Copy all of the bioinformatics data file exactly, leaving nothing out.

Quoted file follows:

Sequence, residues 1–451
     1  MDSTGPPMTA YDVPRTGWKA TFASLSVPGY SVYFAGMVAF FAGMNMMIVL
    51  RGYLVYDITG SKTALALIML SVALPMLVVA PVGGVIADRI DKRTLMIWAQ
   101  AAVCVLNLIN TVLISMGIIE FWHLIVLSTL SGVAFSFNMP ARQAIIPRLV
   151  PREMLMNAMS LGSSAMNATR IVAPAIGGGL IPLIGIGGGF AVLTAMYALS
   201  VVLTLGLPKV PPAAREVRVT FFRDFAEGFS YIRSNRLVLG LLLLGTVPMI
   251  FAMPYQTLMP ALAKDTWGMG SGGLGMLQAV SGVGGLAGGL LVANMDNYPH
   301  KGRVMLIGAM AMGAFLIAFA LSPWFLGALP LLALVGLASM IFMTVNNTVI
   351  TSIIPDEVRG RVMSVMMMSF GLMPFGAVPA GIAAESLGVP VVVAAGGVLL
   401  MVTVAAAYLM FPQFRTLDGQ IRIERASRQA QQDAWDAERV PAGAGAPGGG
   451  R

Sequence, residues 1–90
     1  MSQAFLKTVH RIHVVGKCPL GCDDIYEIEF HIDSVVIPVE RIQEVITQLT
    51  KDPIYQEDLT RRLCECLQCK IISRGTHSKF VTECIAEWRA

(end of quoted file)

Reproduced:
Sequence, residues 1–451
     1  MDSTGPPMTA YDVPRTGWKA TFASLSVPGY SVYFAGMVAF FAGMNMMIVL
    51  RGYLVYDITG SKTALALIML SVALPMLVVA PVGGVIADRI DKRTLMIWAQ
   101  AAVCVLNLIN TVLISMGIIE FWHLIVLSTL SGVAFSFNMP ARQAIIPRLV
   151  PREMLMNAMS LGSSAMNATR IVAPAIGGGL IPLIGIGGGF AVLTAMYALS
   201  VVLTLGLPKV PPAAREVRVT FFRDFAEGFS YIRSNRLVLG LLLLGTVPMI
   251  FAMPYQTLMP ALAKDTWGMG SGGLGMLQAV SGVGGLAGGL LVANMDNYPH
   301  KGRVMLIGAM AMGAFLIAFA LSPWFLGALP LLALVGLASM IFMTVNNTVI
   351  TSIIPDEVRG RVMSVMMMSF GLMPFGAVPA GIAAESLGVP VVVAAGGVLL
   401  MVTVAAAYLM FPQFRTLDGQ IRIERASRQA QQDAWDAERV PAGAGAPGGG
   451  R

Sequence, residues 1–90
     1  MSQAFLKTVH RIHVVGKCPL GCDDIYEIEF HIDSVVIPVE RIQEVITQLT
    51  KDPIYQEDLT RRLCECLQCK IISRGTHSKF VTECIAEWRA